Anti-Japanese Protests May Have Been Organized by Chinese Regime

October 22, 2010 2:46 am Last Updated: October 27, 2010 1:22 pm

[xtypo_dropcap]T[/xtypo_dropcap]ens of thousands of people took to the streets in cities across China last weekend. For three days they came out, without receiving the usual swift and harsh police intervention.

That is an impossible occurrence, some say, unless the protests were organized in connection with, or at least connived at by, the Chinese Communist Party (CCP), which benefits politically from the controlled expression of anti-Japanese sentiments. By positing itself as the guardian of national integrity, the Party reinforces its central role in defining Chinese identity for the masses.

The protests broke out in major cities simultaneously, and appear to be the largest outpouring of anti-Japanese feeling since 2005. Thousands of college students in Chengdu (Sichuan Province), Xi’an (Shaanxi Province), Hangzhou (Zhejiang Provine), and Zhengzhou (Henan Province) formed angry crowds on Oct. 16, and tens of thousands also participated in similar protests in other cities across China on Oct. 17 and 18.

But at the most politically sensitive location, the Japanese Embassy in Beijing, not a protester was to be found.

Suspected Regime Involvement

The rallies were not spontaneous outpourings of common sentiments, but instead were organized by government-supported student organizations, according to Apple Daily, a Hong Kong media outlet.

According to microblog posts, the protest on Oct. 17 in Mianyang City, Sichuan Province, started at 2 p.m. Police warned owners of Japanese brand cars to move their vehicles from the protest route, while two local Japanese stores and one Japanese car were attacked.

Chen Yunfei, a known dissident, witnessed the Oct. 16 march in Chengdu. He compared it to reports from Mianyang City: “One [similarity] is that the government and police knew in advance that students would be demonstrating there, and police were controlling the scene tightly. And the other is the attack on Japanese stores,” Chen said.

Chen said the Chengdu Public Security Bureau should follow the State Council’s information publicity regulations. It should release details of this demonstration and find out who was controlling it. “This should be made public. They should not suppress protests we [dissidents] organize, and allow the ones that they are pleased with,” Chen said.

Gao Hongming, a dissident in Beijing, felt the same way. “The citizens’ right to demonstrate has never been honored,” Gao said. “Local public security authorities refuse and stop every request for parades by citizens. Only when it is something allowed by the authorities, is it permitted.”

Others also read vaguely sinister motives into the disparity between how this protest was handled, and how others usually are. “This march seems to be controlled by the CCP from behind the scenes,” Tang Jingling, a human rights lawyer in Guangdong told The Epoch Times. “It is not really a reflection or expression of the people’s feelings about Sino-Japanese relations. It [the CCP] is using the people’s emotions to achieve its ulterior motive.”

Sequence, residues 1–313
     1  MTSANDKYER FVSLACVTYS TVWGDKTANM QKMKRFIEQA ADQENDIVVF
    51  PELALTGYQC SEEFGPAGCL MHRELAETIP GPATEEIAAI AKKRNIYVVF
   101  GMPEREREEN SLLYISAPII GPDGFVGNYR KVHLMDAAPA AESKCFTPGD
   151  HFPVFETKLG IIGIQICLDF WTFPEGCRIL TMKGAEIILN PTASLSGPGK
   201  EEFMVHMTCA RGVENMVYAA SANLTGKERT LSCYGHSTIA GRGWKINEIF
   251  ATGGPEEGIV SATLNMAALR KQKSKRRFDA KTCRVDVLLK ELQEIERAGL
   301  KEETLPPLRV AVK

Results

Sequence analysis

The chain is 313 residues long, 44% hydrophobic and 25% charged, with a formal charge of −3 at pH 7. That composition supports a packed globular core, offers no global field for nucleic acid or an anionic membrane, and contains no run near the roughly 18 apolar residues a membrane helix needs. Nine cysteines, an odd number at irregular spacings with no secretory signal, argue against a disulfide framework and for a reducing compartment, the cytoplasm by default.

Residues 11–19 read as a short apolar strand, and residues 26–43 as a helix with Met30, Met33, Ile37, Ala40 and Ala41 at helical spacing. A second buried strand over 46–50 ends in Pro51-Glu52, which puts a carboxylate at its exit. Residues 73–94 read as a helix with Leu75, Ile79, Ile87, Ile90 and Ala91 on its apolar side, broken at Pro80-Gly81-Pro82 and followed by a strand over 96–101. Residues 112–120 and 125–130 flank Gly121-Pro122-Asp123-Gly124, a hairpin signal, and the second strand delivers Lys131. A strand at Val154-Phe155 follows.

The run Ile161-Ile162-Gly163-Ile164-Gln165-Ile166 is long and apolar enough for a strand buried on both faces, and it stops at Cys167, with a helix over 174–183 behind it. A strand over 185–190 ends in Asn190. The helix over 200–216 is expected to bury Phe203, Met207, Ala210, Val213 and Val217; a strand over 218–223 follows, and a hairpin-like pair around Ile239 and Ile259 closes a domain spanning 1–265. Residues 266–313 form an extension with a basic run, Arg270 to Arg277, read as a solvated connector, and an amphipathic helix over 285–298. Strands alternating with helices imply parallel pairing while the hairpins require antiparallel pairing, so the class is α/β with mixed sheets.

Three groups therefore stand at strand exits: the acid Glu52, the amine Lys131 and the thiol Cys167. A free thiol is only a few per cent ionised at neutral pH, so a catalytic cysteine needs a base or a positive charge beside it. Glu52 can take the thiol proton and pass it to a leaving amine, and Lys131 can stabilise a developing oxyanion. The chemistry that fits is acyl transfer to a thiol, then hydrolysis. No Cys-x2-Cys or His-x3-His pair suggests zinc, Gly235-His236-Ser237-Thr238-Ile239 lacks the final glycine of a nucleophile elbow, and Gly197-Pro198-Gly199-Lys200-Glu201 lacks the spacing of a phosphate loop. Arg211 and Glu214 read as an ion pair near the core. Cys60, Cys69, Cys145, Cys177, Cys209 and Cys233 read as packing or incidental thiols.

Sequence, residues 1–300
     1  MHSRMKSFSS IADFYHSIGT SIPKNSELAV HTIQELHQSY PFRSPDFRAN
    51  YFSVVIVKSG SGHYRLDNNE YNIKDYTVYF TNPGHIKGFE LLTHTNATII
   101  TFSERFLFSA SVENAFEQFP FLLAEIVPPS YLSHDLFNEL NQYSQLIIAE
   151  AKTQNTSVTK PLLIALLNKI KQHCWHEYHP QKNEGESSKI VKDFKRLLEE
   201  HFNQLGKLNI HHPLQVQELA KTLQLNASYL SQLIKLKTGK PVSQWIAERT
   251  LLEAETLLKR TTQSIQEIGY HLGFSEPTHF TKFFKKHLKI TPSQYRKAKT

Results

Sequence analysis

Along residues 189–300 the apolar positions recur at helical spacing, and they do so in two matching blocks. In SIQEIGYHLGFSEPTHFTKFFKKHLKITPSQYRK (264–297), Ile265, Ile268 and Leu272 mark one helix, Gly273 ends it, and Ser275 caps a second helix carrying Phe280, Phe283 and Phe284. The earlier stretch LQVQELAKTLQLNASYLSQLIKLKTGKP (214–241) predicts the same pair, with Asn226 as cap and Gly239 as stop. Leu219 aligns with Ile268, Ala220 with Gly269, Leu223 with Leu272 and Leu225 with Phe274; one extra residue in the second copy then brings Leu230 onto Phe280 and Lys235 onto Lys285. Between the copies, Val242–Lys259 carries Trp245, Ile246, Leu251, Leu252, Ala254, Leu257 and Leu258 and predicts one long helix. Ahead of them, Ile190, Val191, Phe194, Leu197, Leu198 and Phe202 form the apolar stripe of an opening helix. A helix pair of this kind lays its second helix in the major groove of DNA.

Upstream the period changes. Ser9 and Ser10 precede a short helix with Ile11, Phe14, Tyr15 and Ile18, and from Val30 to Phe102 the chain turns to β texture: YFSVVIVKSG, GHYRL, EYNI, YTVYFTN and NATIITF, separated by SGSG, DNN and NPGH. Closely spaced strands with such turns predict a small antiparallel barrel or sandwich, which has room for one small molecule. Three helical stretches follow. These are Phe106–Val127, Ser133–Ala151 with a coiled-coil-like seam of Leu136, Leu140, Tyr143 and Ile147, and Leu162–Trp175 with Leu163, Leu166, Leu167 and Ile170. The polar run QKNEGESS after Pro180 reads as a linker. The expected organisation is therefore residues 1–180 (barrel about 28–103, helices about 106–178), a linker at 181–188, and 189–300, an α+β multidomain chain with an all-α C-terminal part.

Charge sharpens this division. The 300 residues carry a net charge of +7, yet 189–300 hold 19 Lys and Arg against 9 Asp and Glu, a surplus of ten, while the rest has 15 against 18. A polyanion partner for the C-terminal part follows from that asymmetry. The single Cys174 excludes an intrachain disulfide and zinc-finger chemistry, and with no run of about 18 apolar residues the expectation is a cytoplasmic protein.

Mainland Media Quiet

While widely reported by international media, most mainland media remained silent about the large-scale protests. State-run Xinhua reported on it, and a Foreign Ministry spokesman answered a few questions from reporters.

Search results on Baidu, mainland China’s largest search engine, yielded only one result: a reprint of a report by the Japanese Kyodo News. The entire article consists of just 200 characters.

Xinhua’s English-language website posted a report about the protests, while Xinhua’s Chinese-language website claimed that the Japanese right-wing stirred up trouble in China, and that the CCP has already communicated its serious concerns to the Japanese government.

Even the Hong Kong-based Phoenix website, which is known for its loyalty to the CCP, did not post the Xinhua account until 12 hours after the incident.

Tang and Gao believe that authorities wanted media quiet in China to avoid copycat anti-Japanese protests that the authorities had no way of controlling.

Chen, the dissident in Sichuan, assumed that if authorities let protests run their own course, things might take a different turn. Police told him that their job was to control the situation, and to prevent the demonstration from changing tone, he said.

Others have argued that Chinese-language reports were de-emphasized and English reports emphasized as a way of showing the West that large scale protests are permitted in China.

Meanwhile, Domestic Issues

Chen Yunfei says part of the reason for the protests were to maintain a drumbeat of nationalism, led by the Communist Party, while China’s own domestic issues remain unresolved.

“If the Diaoyu Islands belongs to China, the Chinese government should get it back through diplomatic efforts. If diplomacy fails, our army can take it back. Since the army could go to Tiananmen Square to crack down on students and citizens, why can they not get our own land back?” he questioned.

Chen added that he is most concerned about whether his own home or his fellow countrymen’s homes could be forcibly demolished.

“If we cannot even defend our own homes, how are we going to defend the Diaoyu Islands?” Chen said.

Read the original Chinese article.